What does Starburst's classic "Bus Station" commercial, with the Little Lad, have in common with the famous Wheat Thins Family Guy spot? Lots and lots of mentions of the product name—a gag that Lisa Topol used to great effect in crafting the latter spot when she was a creative director at Being in 2012.
Twitter is telling brands, "Come to us if you want to reach fans freely." The company said today that marketers can hit an audience equal in size to 30 percent of their followers in a given week with a consistent and free tweeting strategy. That level of free exposure contrasts with Facebook, where brands have to pay to be seen by more than 5 percent of their fans.
Wheat Thins revisits the golden age of ballooning in this weird spot from New York agency Being for the cracker brand's new air-popped snacks.Why they went with cops trying to pull someone over, I have no idea; the concept doesn't really need them, and neither does the visual gag they're setting up (being outpaced by a slow-moving bird). But I suppose the randomness is part of the charm.I suppose Wheat Thins probably should be a controlled substance, though. They taste too good to not be drugs somehow.Credits below.
Mondelēz International has inked a global partnership with Twitter to improve the consumer-packaged-goods giant's real-time marketing around the world.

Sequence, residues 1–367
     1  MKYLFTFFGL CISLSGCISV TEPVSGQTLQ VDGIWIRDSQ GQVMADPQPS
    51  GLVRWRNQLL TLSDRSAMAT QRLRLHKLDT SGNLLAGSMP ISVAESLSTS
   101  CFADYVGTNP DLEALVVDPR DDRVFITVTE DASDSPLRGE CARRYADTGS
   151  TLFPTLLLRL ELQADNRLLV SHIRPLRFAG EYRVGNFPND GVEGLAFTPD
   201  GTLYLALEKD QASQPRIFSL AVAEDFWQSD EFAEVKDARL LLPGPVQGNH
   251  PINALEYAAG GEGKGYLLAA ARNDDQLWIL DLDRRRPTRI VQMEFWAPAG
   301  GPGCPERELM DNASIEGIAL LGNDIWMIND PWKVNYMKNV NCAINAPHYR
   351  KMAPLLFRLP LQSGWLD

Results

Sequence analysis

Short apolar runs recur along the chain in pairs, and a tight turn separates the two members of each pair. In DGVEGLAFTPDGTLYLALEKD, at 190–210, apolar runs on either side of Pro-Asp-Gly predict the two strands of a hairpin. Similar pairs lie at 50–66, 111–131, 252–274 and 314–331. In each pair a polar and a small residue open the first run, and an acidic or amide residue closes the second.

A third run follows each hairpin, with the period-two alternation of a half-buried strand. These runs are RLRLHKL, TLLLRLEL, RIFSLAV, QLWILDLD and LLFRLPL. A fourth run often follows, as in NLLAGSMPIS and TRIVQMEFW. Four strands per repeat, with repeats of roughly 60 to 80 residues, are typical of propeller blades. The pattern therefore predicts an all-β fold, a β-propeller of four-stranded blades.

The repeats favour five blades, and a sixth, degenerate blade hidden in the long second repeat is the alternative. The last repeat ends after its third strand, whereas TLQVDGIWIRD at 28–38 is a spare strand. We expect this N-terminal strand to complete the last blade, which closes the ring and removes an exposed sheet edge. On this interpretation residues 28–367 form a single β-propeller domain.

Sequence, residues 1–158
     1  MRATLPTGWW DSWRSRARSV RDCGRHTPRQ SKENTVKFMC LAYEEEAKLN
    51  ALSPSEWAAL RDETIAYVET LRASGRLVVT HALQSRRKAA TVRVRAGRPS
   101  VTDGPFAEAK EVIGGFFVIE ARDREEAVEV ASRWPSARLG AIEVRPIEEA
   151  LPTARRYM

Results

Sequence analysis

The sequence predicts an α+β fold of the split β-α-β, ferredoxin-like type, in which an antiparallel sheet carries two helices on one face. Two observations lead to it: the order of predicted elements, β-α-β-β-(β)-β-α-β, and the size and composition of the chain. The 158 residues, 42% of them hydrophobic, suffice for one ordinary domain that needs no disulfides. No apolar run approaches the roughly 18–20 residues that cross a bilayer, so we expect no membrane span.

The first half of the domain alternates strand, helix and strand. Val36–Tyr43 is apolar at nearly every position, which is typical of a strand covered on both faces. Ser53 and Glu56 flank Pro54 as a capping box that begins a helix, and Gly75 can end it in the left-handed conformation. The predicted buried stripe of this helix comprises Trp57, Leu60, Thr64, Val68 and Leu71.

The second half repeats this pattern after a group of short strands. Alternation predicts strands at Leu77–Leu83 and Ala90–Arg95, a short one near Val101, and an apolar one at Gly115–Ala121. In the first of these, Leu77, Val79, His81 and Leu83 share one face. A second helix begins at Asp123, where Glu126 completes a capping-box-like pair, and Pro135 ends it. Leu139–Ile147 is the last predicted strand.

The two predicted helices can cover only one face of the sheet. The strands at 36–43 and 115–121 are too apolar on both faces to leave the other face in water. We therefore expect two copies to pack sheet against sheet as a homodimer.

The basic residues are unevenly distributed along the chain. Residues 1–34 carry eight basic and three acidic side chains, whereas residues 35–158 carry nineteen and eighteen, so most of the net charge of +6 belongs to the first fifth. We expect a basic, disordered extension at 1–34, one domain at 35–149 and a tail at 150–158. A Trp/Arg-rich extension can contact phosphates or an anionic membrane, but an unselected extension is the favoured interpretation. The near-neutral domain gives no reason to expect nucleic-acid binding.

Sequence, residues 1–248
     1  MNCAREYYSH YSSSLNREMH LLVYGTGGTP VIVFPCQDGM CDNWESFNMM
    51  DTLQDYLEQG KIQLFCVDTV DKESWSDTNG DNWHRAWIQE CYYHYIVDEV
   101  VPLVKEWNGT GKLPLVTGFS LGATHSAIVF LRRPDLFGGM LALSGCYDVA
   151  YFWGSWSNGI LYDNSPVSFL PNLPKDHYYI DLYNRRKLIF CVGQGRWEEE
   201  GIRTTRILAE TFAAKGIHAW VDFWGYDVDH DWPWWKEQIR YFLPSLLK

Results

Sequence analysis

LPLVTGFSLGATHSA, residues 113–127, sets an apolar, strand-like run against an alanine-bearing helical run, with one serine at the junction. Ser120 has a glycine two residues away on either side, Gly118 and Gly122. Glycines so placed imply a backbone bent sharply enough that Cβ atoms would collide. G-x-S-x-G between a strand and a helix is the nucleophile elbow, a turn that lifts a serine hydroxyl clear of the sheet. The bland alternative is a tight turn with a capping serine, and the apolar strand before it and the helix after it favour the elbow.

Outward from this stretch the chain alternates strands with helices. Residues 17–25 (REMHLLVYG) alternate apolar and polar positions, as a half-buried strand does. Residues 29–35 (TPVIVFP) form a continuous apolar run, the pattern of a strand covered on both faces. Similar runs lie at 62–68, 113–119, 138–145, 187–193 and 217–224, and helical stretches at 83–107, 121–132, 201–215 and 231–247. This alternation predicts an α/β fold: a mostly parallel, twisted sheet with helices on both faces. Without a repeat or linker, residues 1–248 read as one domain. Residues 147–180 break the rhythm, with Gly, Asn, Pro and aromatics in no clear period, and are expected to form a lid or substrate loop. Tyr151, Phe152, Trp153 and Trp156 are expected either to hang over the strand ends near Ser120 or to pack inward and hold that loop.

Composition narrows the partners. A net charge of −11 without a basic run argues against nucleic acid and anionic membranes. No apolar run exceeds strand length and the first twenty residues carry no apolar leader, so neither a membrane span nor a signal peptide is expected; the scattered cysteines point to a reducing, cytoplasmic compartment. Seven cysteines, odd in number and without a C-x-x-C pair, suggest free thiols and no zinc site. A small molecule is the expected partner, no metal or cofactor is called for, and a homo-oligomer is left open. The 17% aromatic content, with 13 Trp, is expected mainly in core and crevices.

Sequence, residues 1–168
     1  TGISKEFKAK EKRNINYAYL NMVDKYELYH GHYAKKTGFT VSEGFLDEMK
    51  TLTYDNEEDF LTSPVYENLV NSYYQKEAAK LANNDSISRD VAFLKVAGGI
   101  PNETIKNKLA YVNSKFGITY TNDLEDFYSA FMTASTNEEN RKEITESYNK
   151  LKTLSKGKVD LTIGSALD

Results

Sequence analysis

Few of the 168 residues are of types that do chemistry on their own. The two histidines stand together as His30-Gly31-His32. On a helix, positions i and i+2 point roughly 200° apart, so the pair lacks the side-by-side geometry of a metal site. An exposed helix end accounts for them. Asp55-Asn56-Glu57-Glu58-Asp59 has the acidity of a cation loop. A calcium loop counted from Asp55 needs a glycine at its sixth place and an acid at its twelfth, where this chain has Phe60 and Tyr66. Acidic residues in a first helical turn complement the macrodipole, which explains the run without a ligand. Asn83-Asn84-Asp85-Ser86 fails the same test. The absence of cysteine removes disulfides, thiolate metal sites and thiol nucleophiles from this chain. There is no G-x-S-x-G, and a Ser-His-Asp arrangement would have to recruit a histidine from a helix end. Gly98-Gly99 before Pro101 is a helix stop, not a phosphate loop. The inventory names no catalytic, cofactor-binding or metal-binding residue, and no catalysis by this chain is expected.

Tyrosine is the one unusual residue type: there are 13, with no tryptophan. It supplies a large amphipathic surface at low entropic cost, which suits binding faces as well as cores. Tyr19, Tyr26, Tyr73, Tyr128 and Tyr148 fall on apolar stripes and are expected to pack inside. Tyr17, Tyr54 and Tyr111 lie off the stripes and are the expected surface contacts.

Stewie from Family Guy has given way to Tracy from 30 Rock and Alex from Jeopardy! in the latest TV ads for Kraft's Wheat Thins from ad agency Being. Like Stewie himself, the two new ads are short (15 seconds each) and certainly quirky. For pure entertainment value, it's hard to beat Stewie and Brian duking it out on the proper pronunciation of "wheat." (The millions who've viewed the previous ad on YouTube would agree.) Still, the sight of Morgan in Dr. Dentons searching for his "invisible pants" in a white apartment overrun by gerbils is pretty funny. "We were trying to create the world that Tracy Morgan lives in," explains Kraft senior marketing director Jim Low. Less amusing is Trebek interrupting cocktail-party chatter to explain the origins of Hackensack, the name of densely populated city in New Jersey. He's certainly in character, though. The ads, which tout two new flavors (Spicy Buffalo and Zesty Salsa), broke Sunday during the NCAA tournament—Wheat Thins is a sponsor—and will run through July. Second spot after the jump.brightcove.createExperiences();
You think you know Wheat Thins?" Stephen Colbert asked his audience last night on The Colbert Report. "[Bleep] you.
For its latest spot from ad agency Being in New York, Wheat Thins has enlisted a famous pair of spokes-cartoons: Brian and Stewie from Family Guy.